How CBD oil can affect liver health

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Cannabidiol (CBD) oil has surged in popularity in recent years, praised for its potential health benefits, including pain relief, anxiety reduction, and improved sleep.

However, with this increase in use comes questions about its impact on the body, particularly on the liver, an organ crucial for metabolizing substances and detoxifying the body.

This review delves into current research on how CBD oil affects the liver, aiming to provide a clear, comprehensive understanding for the non-scientific reader.

CBD is one of over a hundred compounds found in the cannabis plant, known as cannabinoids. Unlike its cousin tetrahydrocannabinol (THC), CBD does not produce a “high,” making it an attractive option for those seeking the therapeutic benefits of cannabis without the psychoactive effects.

CBD’s interaction with the body occurs through the endocannabinoid system, which plays a role in regulating various bodily functions, including pain, mood, and appetite.

The liver’s involvement comes into play with the metabolization of CBD. Like many other drugs and supplements, CBD is processed in the liver, where it’s broken down by enzymes before entering the bloodstream.

Concerns about CBD’s impact on the liver stem from studies indicating that high doses can cause liver enzyme levels to rise, suggesting potential liver damage.

One study that raised eyebrows was conducted on mice and published in the journal Molecules in 2019. Researchers found that very high doses of CBD led to signs of liver toxicity in the mice, including elevated liver enzymes and liver swelling.

These findings sparked a debate about CBD’s safety and its effects on liver health in humans.

However, it’s crucial to contextualize these results. The doses used in the mouse study were significantly higher than what most humans would consume.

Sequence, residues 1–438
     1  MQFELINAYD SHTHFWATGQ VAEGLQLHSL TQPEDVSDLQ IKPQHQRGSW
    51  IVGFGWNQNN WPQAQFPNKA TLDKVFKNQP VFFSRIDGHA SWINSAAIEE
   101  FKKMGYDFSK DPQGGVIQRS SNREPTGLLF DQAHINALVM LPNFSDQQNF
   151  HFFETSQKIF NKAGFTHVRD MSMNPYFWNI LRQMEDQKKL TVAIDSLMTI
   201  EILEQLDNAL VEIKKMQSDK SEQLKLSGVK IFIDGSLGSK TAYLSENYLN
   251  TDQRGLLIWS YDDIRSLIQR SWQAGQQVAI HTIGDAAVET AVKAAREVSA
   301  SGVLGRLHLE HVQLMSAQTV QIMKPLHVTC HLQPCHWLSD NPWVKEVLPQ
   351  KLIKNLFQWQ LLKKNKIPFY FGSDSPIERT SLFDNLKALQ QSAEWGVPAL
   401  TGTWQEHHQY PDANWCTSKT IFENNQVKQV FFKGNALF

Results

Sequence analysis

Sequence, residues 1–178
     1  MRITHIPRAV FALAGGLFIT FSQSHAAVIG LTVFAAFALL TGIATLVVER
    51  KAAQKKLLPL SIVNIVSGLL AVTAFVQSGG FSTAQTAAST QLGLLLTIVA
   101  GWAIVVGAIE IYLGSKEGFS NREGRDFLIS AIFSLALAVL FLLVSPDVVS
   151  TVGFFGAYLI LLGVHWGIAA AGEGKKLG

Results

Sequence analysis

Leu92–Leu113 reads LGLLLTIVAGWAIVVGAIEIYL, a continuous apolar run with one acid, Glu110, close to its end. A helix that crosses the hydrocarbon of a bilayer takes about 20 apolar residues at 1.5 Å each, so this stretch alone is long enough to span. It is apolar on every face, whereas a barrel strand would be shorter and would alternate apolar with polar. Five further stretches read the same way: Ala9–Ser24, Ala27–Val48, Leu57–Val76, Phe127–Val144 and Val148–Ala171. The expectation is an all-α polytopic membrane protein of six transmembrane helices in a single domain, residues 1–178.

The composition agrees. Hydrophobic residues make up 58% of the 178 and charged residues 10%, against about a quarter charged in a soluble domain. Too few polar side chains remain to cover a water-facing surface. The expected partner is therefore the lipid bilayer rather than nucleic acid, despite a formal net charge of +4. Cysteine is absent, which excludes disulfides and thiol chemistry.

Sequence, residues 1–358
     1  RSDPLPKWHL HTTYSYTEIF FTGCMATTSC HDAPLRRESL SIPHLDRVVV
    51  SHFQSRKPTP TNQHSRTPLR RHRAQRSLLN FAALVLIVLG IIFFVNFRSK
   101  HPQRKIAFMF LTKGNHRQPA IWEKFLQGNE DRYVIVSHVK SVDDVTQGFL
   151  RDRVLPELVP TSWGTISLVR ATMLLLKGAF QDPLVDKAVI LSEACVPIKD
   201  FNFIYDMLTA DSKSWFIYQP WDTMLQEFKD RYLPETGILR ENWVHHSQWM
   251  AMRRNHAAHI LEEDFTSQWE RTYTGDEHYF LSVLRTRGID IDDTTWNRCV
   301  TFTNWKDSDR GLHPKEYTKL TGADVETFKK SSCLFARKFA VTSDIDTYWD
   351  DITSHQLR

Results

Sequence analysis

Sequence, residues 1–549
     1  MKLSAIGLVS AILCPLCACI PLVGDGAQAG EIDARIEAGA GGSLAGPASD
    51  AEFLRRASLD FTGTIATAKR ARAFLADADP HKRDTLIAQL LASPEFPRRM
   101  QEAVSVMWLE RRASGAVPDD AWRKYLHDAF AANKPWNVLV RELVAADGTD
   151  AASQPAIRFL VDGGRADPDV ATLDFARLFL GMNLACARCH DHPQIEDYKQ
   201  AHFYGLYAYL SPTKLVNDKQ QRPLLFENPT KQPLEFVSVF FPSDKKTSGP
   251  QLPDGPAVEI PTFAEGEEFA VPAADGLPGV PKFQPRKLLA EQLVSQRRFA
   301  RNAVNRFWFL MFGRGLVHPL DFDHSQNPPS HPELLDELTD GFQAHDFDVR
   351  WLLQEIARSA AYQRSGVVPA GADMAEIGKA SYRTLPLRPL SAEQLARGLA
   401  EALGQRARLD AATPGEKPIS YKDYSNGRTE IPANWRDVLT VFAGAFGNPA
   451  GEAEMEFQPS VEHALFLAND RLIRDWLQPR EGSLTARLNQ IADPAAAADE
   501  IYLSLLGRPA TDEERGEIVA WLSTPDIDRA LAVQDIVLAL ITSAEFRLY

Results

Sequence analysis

Furthermore, human biology differs from mice, and results in animal studies don’t always translate directly to human health outcomes.

Subsequent research in humans has provided a more nuanced understanding. A review in Frontiers in Pharmacology suggested that while CBD can interact with certain medications by affecting liver enzyme activity, the risk of liver damage from CBD alone is low for most people.

It highlighted the importance of monitoring and managing potential drug interactions, especially in individuals taking other medications metabolized by the liver.

Clinical trials of Epidiolex, a FDA-approved CBD-based medication for treating certain forms of epilepsy, also shed light on CBD’s liver effects. While some patients experienced elevated liver enzymes, indicating a potential risk for liver injury, these instances were generally manageable and often resolved with dosage adjustments or discontinuation.

The takeaway from current research is that while there is a potential risk for liver effects from high doses of CBD, especially in conjunction with other medications, the risk is relatively low for most people using typical doses of CBD oil.

Nevertheless, this underscores the importance of consulting with healthcare providers before starting CBD, particularly for individuals with existing liver conditions or those taking medications that affect liver enzyme activity.

In conclusion, CBD oil represents a promising area of therapy with a range of potential health benefits. However, like any substance, it’s not without its risks.

When it comes to the liver, the evidence suggests a need for caution and awareness rather than alarm, especially at high doses or in combination with other medications.

As research continues to evolve, so too will our understanding of CBD’s impact on the liver, helping users make informed decisions about incorporating CBD oil into their health regimen.

If you care about liver health, please read studies about Fatty liver disease linked to severe infections and findings of A new drug for weight loss and liver health.

For more information about liver health, please see recent studies about All types of coffee could help lower the risk of chronic liver disease and results showing that Whole grains could benefit people with non-alcoholic fatty liver disease.

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